Images appear to show militants riding swan-themed vessels on the water at Band-e Amir National Park - once a hotspot for international travellers and domestic tourists - in central Afghanistan yesterday.
The park contains a series of six deep blue lakes situated in the Hindu Kush mountains, roughly 45 miles from Bamiyan - formerly home to the Buddhas of Bamiyan, which the Taliban demolished in 2001.
One month after overtaking the country's capital Kabul, Afghanistan's new Taliban rulers, who set up a ministry for the 'propagation of virtue and the prevention of vice' in the building that once housed the Women's Affairs Ministry, are now facing protests over the treatment of women and girls.
Female employees in the Kabul city government have been instructed to stay home, with work only allowed for those who cannot be replaced by men, the interim mayor of Afghanistan's capital announced, detailing the latest restrictions on women by the new Taliban rulers.
The decision is yet another sign that the Taliban, who overran Kabul last month, are enforcing their harsh interpretation of Islam despite initial promises by some that they would be tolerant and inclusive.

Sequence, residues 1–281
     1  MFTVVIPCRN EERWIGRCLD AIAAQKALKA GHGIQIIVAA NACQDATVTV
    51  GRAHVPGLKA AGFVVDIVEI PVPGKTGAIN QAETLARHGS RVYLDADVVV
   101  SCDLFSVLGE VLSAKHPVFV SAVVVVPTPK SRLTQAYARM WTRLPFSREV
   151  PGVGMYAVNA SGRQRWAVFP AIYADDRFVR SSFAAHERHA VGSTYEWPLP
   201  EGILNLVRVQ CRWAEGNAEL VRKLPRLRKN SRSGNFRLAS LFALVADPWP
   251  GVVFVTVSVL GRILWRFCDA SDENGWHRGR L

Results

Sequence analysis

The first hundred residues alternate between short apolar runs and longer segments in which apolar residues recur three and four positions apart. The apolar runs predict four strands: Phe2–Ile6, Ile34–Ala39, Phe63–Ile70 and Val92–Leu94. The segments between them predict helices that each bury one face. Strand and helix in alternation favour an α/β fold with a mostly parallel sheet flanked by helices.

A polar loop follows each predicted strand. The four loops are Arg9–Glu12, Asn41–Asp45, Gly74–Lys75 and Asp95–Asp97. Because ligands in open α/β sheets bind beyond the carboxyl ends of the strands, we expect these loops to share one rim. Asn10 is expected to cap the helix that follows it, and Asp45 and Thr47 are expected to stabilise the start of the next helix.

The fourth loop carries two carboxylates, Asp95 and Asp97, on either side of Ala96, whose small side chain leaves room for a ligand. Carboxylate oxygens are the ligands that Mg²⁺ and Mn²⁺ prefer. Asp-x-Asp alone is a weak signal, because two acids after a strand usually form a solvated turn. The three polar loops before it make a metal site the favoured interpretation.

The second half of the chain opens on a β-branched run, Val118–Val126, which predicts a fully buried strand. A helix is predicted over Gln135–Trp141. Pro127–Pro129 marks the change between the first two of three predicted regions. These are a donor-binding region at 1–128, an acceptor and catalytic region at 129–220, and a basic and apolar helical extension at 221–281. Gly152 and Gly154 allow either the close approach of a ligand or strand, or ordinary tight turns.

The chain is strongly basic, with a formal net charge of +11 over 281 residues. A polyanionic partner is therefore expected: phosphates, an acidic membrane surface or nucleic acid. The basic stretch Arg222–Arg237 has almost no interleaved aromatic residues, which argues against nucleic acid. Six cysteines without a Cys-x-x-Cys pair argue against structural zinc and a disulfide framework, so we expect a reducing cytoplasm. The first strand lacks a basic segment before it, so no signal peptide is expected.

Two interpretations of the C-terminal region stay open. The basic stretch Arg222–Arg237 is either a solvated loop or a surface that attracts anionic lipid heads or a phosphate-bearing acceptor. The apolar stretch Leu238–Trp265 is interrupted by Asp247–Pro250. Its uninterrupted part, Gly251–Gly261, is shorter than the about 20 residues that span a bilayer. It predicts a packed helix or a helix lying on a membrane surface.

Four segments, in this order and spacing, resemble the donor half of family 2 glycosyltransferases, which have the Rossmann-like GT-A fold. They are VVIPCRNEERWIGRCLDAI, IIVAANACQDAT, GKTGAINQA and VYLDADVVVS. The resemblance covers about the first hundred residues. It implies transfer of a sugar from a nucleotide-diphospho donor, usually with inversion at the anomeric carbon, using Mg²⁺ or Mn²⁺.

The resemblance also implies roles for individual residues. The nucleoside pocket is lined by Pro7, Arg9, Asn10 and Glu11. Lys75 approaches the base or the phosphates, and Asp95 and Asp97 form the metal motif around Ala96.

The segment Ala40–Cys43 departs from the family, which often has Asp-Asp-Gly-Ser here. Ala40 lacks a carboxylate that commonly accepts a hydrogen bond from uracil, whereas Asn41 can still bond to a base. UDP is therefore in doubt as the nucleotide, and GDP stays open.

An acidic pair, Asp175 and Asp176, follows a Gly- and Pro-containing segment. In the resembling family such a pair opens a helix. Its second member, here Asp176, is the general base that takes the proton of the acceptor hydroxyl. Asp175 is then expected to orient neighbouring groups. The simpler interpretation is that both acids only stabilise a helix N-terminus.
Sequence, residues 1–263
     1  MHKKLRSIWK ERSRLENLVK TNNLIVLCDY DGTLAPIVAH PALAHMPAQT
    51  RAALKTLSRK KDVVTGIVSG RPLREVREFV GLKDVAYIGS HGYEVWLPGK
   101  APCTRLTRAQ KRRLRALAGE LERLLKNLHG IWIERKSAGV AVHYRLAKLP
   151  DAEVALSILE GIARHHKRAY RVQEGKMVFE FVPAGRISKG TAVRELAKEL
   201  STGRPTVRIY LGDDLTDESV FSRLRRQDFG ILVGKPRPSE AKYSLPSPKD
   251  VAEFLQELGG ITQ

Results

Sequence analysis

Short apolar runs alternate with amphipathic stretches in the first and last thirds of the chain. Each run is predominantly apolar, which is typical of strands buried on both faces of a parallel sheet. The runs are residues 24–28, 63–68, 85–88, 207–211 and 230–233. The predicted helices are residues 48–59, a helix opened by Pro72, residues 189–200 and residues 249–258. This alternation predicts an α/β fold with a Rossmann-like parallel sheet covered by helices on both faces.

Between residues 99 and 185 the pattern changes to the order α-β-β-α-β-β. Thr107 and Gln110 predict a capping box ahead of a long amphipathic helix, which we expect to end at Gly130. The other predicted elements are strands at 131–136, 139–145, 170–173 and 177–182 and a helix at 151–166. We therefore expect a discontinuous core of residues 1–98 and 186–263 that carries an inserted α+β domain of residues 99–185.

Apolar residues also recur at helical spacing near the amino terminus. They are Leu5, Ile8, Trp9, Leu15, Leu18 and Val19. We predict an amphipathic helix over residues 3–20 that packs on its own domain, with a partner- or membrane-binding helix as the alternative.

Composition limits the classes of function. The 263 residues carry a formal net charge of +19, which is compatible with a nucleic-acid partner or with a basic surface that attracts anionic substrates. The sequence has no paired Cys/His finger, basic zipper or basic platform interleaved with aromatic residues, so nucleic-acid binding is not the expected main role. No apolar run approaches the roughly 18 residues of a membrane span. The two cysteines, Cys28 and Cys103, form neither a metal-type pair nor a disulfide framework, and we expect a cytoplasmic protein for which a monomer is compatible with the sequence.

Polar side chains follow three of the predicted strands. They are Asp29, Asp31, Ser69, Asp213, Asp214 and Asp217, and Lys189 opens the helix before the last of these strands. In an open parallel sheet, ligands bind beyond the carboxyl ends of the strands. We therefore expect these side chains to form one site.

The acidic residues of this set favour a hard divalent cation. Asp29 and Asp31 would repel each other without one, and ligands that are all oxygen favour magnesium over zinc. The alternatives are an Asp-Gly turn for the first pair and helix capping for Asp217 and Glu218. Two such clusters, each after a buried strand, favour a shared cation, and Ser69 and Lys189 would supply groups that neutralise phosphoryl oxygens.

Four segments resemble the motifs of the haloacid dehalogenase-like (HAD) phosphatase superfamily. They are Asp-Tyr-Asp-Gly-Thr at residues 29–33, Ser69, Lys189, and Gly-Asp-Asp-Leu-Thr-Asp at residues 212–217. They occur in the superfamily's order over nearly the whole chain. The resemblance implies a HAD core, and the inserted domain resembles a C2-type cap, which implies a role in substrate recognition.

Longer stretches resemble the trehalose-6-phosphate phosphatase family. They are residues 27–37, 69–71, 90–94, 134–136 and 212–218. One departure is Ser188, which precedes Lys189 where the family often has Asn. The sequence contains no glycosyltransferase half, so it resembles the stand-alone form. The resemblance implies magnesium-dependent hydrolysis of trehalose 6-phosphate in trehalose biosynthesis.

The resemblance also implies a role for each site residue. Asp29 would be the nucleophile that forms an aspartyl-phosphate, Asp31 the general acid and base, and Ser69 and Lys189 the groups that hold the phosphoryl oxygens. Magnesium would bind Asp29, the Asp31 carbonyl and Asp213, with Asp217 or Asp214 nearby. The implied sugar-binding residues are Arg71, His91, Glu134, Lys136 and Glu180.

On Saturday the Taliban excluded girls from returning to secondary school but ordered boys and male teachers back to the classroom, again breaking their promise to bring about a less severe brand of rule than their 1990s predecessors.
Some Afghan women are now protesting the return to repression, with boys also refusing to attend class in solidarity. One boy was pictured in a Twitter post holding a sign that says: 'We don't go to school without our sisters'.
Afghans voiced their support for the child in the post's replies, with one civilian declaring: 'Education is the right of every Afghan. We hope that the Taliban will allow our sisters to open schools as well.'
Secondary schools, typically teaching teenage pupils and often segregated by sex in Afghanistan, had to close repeatedly during the coronavirus pandemic and have remained closed since the Taliban took over.
Primary schools have reopened, with boys and girls mostly attending separate classes and some female teachers returning to work, and the regime has also allowed women to attend private universities - but with harsh restrictions on their clothing and movement.
In Kabul on Friday, workers raised a sign for the Ministry for the Promotion of Virtue and Prevention of Vice at the old Women's Affairs building in the capital.
Videos posted to social media showed female ministry workers protesting outside after losing their jobs.
Officials in the new ministry said they had not been informed whether a new women's ministry was being planned.
The United Nations has reported that it is 'deeply worried' for the future of girls' schooling in Afghanistan.